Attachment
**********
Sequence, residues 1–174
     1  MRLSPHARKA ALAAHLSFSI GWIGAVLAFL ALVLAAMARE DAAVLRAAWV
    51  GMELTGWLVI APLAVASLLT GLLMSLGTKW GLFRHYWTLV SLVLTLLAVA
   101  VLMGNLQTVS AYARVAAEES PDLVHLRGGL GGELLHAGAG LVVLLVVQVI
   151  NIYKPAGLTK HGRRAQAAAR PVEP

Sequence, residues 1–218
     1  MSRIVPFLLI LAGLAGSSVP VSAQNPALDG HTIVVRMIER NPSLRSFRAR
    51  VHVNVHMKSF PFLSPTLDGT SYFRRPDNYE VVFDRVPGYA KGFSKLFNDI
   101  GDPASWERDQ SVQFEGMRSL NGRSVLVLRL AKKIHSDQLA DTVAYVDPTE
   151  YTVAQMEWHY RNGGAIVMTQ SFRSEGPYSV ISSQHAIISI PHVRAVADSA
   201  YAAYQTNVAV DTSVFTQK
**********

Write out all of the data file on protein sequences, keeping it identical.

Sequence, residues 1–174
     1  MRLSPHARKA ALAAHLSFSI GWIGAVLAFL ALVLAAMARE DAAVLRAAWV
    51  GMELTGWLVI APLAVASLLT GLLMSLGTKW GLFRHYWTLV SLVLTLLAVA
   101  VLMGNLQTVS AYARVAAEES PDLVHLRGGL GGELLHAGAG LVVLLVVQVI
   151  NIYKPAGLTK HGRRAQAAAR PVEP

Sequence, residues 1–218
     1  MSRIVPFLLI LAGLAGSSVP VSAQNPALDG HTIVVRMIER NPSLRSFRAR
    51  VHVNVHMKSF PFLSPTLDGT SYFRRPDNYE VVFDRVPGYA KGFSKLFNDI
   101  GDPASWERDQ SVQFEGMRSL NGRSVLVLRL AKKIHSDQLA DTVAYVDPTE
   151  YTVAQMEWHY RNGGAIVMTQ SFRSEGPYSV ISSQHAIISI PHVRAVADSA
   201  YAAYQTNVAV DTSVFTQK